Higher Education at a Strategic Inflection Point
By Adam Brandenburger
The arrival of digital technology in higher education does not mean the death of face-to- face education. The picture is much more subtle — and interesting — than that.
Here is a diagram of the notion of a strategic inflection point (which I'll refer to as a SIP). This is Grove's original diagram, embellished to emphasize that the status-quo path is highly unlikely. The business will go either way up or way down.
Today, universities find themselves at about the biggest SIP one could imagine. The increases in tuition in recent years are unsustainable. Even if there is a global moneyed class that can continue to afford these increases, they are inconsistent with a university’s mission to serve the world, not just a small subset of the world. New forms of competition to conventional education are arising at a very fast rate, with a great deal of innovative talent and money behind them. The MOOC (massive open online course) providers Coursera, edX, and Udacity have received enormous media attention. But, many other types of new educational models are springing up, as well. (In business education — the area I know best — new startups targeting education for budding entrepreneurs are announced more or less every day.) As for universities themselves, they do not have a strong track record of innovating and embracing change. They are in many ways highly entrenched institutions. All these factors point to the very real possibility that many universities, if they do not evolve rapidly, face a less-than-bright future. No doubt, different universities are in different positions. Some – those at the top – will certainly fare well in almost any circumstance. But many universities are in a much less protected position.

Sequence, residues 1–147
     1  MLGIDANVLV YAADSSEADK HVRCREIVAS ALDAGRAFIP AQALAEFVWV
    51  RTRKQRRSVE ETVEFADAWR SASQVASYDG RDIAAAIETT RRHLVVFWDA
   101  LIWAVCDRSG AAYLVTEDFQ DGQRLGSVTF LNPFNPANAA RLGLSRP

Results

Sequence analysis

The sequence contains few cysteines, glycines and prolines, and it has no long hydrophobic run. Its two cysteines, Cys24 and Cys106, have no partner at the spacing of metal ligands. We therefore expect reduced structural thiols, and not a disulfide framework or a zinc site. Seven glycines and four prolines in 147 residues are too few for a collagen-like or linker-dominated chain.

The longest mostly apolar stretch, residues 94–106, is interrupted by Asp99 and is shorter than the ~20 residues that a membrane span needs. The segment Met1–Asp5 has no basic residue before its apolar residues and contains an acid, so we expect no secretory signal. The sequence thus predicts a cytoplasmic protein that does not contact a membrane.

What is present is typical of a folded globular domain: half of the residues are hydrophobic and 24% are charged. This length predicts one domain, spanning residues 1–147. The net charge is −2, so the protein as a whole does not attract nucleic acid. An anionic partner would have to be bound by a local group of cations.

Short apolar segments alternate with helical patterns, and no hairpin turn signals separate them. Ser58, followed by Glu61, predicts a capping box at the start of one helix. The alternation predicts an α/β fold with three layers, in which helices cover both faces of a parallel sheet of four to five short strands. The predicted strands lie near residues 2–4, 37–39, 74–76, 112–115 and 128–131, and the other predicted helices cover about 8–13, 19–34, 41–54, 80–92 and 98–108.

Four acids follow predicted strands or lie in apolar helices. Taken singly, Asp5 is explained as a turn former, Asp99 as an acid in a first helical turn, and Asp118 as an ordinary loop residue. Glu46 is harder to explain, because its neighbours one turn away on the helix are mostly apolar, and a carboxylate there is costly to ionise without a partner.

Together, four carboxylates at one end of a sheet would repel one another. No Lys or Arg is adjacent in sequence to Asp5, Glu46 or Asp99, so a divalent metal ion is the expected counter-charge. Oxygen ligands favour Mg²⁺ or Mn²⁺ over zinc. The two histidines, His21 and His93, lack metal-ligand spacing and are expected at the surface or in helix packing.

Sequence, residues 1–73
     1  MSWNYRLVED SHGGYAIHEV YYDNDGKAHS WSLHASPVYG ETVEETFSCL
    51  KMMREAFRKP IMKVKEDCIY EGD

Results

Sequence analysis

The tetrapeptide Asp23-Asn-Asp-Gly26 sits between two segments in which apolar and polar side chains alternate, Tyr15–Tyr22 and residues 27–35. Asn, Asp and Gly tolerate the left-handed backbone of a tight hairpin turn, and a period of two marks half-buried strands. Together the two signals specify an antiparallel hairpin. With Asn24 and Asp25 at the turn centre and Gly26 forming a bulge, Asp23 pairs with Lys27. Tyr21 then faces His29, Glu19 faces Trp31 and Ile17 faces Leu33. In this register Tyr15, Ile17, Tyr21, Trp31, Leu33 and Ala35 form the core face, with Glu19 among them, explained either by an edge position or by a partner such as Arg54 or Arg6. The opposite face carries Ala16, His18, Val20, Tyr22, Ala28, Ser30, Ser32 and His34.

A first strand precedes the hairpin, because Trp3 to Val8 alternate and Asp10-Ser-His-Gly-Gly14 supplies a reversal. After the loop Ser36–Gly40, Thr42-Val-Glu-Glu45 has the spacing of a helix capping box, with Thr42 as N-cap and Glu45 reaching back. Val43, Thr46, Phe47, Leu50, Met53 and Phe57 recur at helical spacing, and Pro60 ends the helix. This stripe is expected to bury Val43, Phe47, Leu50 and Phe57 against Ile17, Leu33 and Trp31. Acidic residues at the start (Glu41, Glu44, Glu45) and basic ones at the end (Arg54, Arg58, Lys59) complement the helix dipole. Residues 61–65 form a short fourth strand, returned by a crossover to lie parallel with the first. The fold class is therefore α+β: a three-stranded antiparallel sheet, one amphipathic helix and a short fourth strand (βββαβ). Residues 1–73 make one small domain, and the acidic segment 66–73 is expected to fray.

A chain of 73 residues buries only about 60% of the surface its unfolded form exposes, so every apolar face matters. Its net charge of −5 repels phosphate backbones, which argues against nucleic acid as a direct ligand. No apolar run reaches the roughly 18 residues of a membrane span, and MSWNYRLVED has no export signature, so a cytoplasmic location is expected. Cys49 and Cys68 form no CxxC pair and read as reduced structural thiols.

Read full article as published in The Stern Opportunity
Adam Brandenburger is the J.P. Valles Professor of Business Economics and Strategy and Vice Dean for Graduate Education.